Probably the best way to define customer experience (CX) is by looking at it as the impression (positive or negative) that you leave your customer with after every interaction and during every stage of the buyer's journey. There are multiple, cross-functional touchpoints that factor in customer experience.
Arguably, however, the two significant touchpoints that can make or break your customer experience are your product and employees. Your customers could be delighted by your product or could be completely satisfied by the attention received from your customer support rep.
It should go without saying that excellent customer experience will not only result in happy customers but it will also lead to more revenue. The best and most cost-effective marketing campaign is word-of-mouth where your satisfied customers will promote your brand and product on your behalf.
Below are some of the trends that will shape the customer experience of tomorrow.
Personalization is probably the best investment you can make going forward. Customers today are looking for relevant experiences that are specifically tailored to their wants and needs. Everybody is tired of spamming, random ads, or anything else that bombards us on a daily basis.
A high level of personalization is available when an organization leverages a deep understanding of structured and unstructured customer data, multi-channel conversations, and customer preferences. In other words, customization in the context of CX is when companies can preemptively and accurately anticipate the customer's wants and needs, and address them when and where they are appropriate.
Embracing Decisioning And Data through AI
Statistics indicate that by 2020, there will be roughly 44 zettabytes of data circulating on the web every single day. It is an incredibly high and astronomical number that will make it next to impossible for people or entire organizations to make any accurate decisions on their own.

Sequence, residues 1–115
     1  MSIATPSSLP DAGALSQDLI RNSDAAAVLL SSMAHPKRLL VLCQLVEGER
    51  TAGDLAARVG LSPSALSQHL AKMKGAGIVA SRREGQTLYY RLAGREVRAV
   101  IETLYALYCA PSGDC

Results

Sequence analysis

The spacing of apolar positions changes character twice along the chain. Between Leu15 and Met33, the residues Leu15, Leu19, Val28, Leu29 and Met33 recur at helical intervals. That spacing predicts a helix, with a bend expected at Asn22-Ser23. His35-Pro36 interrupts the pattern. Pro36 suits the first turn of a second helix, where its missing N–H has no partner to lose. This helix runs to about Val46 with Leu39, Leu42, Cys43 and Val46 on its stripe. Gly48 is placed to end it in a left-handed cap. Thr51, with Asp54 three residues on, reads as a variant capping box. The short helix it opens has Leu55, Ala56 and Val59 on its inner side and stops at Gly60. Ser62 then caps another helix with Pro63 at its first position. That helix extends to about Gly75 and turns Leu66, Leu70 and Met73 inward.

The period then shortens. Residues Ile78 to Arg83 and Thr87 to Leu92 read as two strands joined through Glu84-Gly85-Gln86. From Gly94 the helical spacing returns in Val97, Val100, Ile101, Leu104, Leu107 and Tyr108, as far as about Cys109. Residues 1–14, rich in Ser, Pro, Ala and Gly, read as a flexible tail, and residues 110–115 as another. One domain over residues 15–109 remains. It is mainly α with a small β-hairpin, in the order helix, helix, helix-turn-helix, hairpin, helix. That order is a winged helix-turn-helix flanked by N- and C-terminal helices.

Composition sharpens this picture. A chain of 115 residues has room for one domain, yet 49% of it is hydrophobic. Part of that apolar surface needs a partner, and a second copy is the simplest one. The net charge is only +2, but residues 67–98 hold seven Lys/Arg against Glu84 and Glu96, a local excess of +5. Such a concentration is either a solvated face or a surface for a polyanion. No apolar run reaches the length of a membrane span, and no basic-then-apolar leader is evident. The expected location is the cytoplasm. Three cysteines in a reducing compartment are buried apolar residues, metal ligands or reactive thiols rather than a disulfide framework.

But by making use of artificial intelligence (AI), businesses can identify numerous opportunities and experience that will be relevant to the customer, and which would not have been discovered, otherwise. Employees in the front lines would never have been able to provide the same level of real-time customer experience.
Customer Experience Clouds
Up until now, companies made use of personal clouds for various departments such as marketing, sales, or development - each of which holds the information necessary for that specific program. But as the buyer's journey is changing, so must companies, if they hope to provide an excellent customer experience. To do that, however, they will need to make use of a customer experience cloud that will bring together all the relevant information as a means of streamlining customer interactions.
Probably the biggest issue that comes out of online service engagement is that it's never the same as the physical thing. The next logical step in counteracting this shortcoming is by simulating the experience as much as possible. It is where Augmented Reality (AR) comes into play. Depending on your needs, AR can be used in a seemingly endless number of ways - trying to simulate the real world for their customers in the most creative and engaging ways conceivable.
CEOs Are More Involved
Last but not least is CEO involvement in the escalation of customer experience initiatives. It is a huge deal because it's the CEO who ultimately has the final say in regards to what are the priorities of the company and where it will need to invest its funds. And as more and more CEOs become aware of the potential that customer experience brings, it will kick-start a chain reaction. It will be where those who haven't yet caught on will be, more or less, forced to invest, otherwise risk becoming obsolete.